PERSONAL hygiene among food handlers is critical for food safety, especially during the Covid-19 pandemic, and should include proper handwashing procedures, strict SOPs, frequent cleaning and sanitisation, food respiratory hygiene, and frequent use of alcohol-based sanitisers.
“This is crucial nevertheless in any food industries small or big scale business,” stressed Federation of Malaysian Consumers Associations (FOMCA) President Datuk Dr Marimuthu Nadason.
“The Malaysian government has imposed strict rules only allowing workers who have completed full doses of vaccination to resume work in the food preparation area.
“Food & Beverage (F&B) owners should instruct employees with Covid-19 symptoms to inform their supervisors.
“Emphasise effective hand hygiene, including washing hands for at least 20 seconds, especially after going to the bathroom, before eating, and after blowing your nose, coughing, or sneezing.”
He said proper training should be provided for food handlers, and employees with new or altered duties should apply the training according to established procedures such as:
a. Food handlers shall wash, rinse, and sanitise food contact surfaces, dishware, utensils, food preparation surfaces, and beverage equipment after use
b. Food handlers shall consider the best practices, such as cooked foods reaching the proper internal temperatures before serving or cooling and hot foods are cooled rapidly for later use.
c. Check temperatures of foods being cooled in refrigerators or rapid cooling techniques such as ice baths and cooling wands. The time foods being stored, displayed, or delivered are held in the danger zone (between 4°C and 57°C) is minimised.
Guidelines for food delivery services
Food safety issues may arise as more food deliveries become available during the pandemic, stressed Marimuthu.
“It can be mitigated by following established food safety practices for time and temperature control, preventing cross-contamination, cleaning hands, avoiding sick workers, and food storage.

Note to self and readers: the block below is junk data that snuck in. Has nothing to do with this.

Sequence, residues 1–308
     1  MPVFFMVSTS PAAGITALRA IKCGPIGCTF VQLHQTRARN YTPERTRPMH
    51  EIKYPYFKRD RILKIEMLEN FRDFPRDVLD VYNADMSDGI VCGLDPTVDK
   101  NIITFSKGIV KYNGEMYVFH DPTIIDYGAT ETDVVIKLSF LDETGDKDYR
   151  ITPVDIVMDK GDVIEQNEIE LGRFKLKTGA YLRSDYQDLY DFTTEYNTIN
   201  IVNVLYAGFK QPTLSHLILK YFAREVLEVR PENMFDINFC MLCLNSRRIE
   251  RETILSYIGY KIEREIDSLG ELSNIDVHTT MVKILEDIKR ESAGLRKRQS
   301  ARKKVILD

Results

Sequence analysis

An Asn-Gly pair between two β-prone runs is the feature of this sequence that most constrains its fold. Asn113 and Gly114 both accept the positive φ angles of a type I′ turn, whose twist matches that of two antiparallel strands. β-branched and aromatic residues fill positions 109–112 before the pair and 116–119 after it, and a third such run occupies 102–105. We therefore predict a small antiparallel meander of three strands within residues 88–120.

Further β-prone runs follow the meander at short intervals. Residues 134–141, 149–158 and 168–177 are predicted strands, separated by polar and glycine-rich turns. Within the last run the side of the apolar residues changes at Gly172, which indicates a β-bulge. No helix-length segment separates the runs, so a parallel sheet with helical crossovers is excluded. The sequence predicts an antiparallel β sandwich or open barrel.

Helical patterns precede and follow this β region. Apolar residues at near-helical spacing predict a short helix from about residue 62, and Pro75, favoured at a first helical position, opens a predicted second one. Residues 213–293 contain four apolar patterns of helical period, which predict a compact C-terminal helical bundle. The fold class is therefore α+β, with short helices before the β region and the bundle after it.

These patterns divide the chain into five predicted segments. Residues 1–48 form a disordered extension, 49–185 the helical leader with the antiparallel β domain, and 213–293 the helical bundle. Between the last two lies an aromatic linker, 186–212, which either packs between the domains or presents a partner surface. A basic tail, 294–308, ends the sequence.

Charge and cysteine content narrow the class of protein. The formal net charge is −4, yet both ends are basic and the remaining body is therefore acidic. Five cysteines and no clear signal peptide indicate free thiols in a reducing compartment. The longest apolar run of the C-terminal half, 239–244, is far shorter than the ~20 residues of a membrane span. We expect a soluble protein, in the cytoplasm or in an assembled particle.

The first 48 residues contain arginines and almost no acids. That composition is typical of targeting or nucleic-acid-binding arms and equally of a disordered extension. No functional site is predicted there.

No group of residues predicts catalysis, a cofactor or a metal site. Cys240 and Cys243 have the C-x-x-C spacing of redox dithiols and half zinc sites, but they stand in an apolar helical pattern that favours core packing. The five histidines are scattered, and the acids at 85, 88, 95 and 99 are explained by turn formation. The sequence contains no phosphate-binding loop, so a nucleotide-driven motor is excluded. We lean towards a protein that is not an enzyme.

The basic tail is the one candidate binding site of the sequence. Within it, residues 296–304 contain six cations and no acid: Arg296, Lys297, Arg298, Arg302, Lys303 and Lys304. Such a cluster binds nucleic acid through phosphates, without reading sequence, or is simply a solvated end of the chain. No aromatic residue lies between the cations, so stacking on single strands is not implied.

“The four main things to remember for good hygiene in your food business are the 4Cs: cleaning, cooking, chilling and cross-contamination avoidance.”
- Keep hot foods hot and cold foods cold by storing them in appropriate transport vessels. This means:
– Keep cold foods cold by keeping enough coolant materials, e.g., gel packs.
– Keep hot foods hot by ensuring insulated cases are correctly functioning.
- Ensure food that is received is separated to avoid cross-contamination, e.g., keeping raw foods separate from cooked and ready-to-eat foods.
- Ensure that any wrapping and packaging used for food transport prevents food contamination.
“Food services delivery vehicles or containers used for transporting anything other than food need effective cleaning between loads to avoid the risk of contamination. Delivery service providers should routinely clean and sanitise coolers and insulated bags used to deliver foods,” he explained.
He said consumers needed to be aware of delivery times. “Cooked meals can make you sick if they sit out for more than two hours, or as little as one hour if it’s 32°C or warmer outside.
“Delivered restaurant meals should be eaten immediately or refrigerated if they contain a cooked or cold product, such as a salad of fresh cut fruit or a grain and vegetable bowl with grilled chicken.”
Ensuring food safety
Proper SOPs should be in place to ensure food safety and prevent the spread of Covid-19 in the food industry.
“These address key considerations for how foods offered at retail can be safely handled and delivered to the public and key best practices for employee health, cleaning and sanitising, and personal protective equipment (PPE).”
The standard practices in personal hygiene and kitchen sanitation must be followed strictly to prevent the spread of Covid-19 through food processing activities such as manufacturing, packaging, transporting, and regular restaurant operations.
Food delivery services must establish designated pick-up zones for customers to maintain social distancing. It will ensure social distancing when delivering food, for example, by providing ‘no contact’ deliveries and sending text alerts or calling when deliveries arrive. — The Health